One troubling fact of life is that humans are not naturally equal. We are all born with different natural inborn talents, which inevitably give rise to our successes or our failures. Some are born beautiful, others are born, well, not beautiful. Some are born smarter than everyone else, and are thus highly valuable in our market economy, whereas others are born without the requisite faculties to hold a professional job. Some are born to wealthy parents, whereas others are born to poor ones. Some people have relatively great lives just simply because they were the benefactors of an amazing gene pool (think Tom Brady); others were born to mothers who spent most of their time while pregnant addicted to crack. Humans aren’t equal, so why even try?

It is true; humans are not naturally equal. But this is not the sense of “equality” that I am talking about. When I talk about equality, I am talking about the way in which the government must treat its citizens — as equals — as individuals entitled to equal concern, dignity and respect. The government, in order to remain legitimate, must treat all of its citizens over whom it claims dominion as equals. If it does not treat its citizens as equals — if it decides to start treating only the rich as first class citizens and everyone else as second class citizens, for example — then the government has in effect forfeited its right to exist.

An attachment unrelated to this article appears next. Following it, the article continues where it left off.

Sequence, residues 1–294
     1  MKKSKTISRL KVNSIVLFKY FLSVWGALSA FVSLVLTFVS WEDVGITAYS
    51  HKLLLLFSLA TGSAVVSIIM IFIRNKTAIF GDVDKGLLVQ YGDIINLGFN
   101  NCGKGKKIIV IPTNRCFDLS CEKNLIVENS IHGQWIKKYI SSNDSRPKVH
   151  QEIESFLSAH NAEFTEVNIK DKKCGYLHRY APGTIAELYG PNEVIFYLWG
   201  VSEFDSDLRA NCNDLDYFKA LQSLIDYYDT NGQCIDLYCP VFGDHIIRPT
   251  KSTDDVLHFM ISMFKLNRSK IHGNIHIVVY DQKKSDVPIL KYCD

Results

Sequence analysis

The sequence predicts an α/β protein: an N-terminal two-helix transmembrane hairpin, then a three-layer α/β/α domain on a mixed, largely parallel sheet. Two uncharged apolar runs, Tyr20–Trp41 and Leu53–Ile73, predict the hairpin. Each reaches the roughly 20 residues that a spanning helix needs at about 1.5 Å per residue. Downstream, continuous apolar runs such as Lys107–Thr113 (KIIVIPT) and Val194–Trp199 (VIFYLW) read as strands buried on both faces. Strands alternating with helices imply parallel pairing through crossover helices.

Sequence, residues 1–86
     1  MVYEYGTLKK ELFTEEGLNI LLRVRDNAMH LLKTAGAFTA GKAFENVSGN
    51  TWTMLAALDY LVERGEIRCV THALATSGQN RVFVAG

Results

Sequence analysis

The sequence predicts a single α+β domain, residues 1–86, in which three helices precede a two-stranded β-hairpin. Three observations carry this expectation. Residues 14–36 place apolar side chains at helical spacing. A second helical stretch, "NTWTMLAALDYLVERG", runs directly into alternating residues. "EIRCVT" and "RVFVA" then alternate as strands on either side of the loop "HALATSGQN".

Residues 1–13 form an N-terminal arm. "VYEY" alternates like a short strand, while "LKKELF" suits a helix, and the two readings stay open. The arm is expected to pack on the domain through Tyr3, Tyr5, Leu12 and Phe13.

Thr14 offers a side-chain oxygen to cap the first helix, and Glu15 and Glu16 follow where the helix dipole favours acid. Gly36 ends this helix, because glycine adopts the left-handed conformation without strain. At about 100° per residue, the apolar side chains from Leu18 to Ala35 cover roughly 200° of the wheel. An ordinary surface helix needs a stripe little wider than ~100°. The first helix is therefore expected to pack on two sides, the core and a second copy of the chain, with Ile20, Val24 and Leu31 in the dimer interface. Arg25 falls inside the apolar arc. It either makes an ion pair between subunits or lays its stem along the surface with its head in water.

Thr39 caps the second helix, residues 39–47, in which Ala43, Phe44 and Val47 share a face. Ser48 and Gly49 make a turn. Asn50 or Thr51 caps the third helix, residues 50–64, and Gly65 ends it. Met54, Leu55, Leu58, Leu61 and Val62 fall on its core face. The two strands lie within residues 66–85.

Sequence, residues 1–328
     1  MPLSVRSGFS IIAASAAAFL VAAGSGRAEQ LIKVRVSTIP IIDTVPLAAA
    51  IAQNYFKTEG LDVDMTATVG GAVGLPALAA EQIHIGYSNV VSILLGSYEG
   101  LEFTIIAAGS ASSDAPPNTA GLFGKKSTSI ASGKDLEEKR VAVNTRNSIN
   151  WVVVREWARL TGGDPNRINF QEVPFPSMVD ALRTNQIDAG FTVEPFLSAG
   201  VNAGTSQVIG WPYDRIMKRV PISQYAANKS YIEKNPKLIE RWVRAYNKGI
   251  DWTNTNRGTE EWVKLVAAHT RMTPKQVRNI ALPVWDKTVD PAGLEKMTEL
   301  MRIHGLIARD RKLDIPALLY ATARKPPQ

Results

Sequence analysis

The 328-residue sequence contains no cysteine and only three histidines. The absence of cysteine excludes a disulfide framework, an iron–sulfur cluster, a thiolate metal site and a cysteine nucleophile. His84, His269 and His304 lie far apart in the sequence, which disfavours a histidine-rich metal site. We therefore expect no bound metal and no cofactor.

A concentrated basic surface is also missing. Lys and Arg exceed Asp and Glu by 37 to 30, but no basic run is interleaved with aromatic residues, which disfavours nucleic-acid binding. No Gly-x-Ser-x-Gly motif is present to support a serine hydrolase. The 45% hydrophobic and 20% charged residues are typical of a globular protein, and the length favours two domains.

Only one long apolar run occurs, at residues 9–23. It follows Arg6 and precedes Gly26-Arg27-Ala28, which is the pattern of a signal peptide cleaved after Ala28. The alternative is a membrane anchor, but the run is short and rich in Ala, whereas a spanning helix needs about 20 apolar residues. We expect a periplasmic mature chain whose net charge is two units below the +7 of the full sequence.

What does it mean for the government to treat its citizens as equals — as opposed to equally — mean? Are we splitting hairs? I think not, for treating two people as equals may in fact necessitate treating the two very unequally, whereas treating two individuals equally may wrongfully result in treating the two as non-equals. Sometimes, alternatively, the only way to treat two people as equals is to try and treat them equally, sometimes not. This distinction, although abstract, is (I think) vital to understanding progressivism.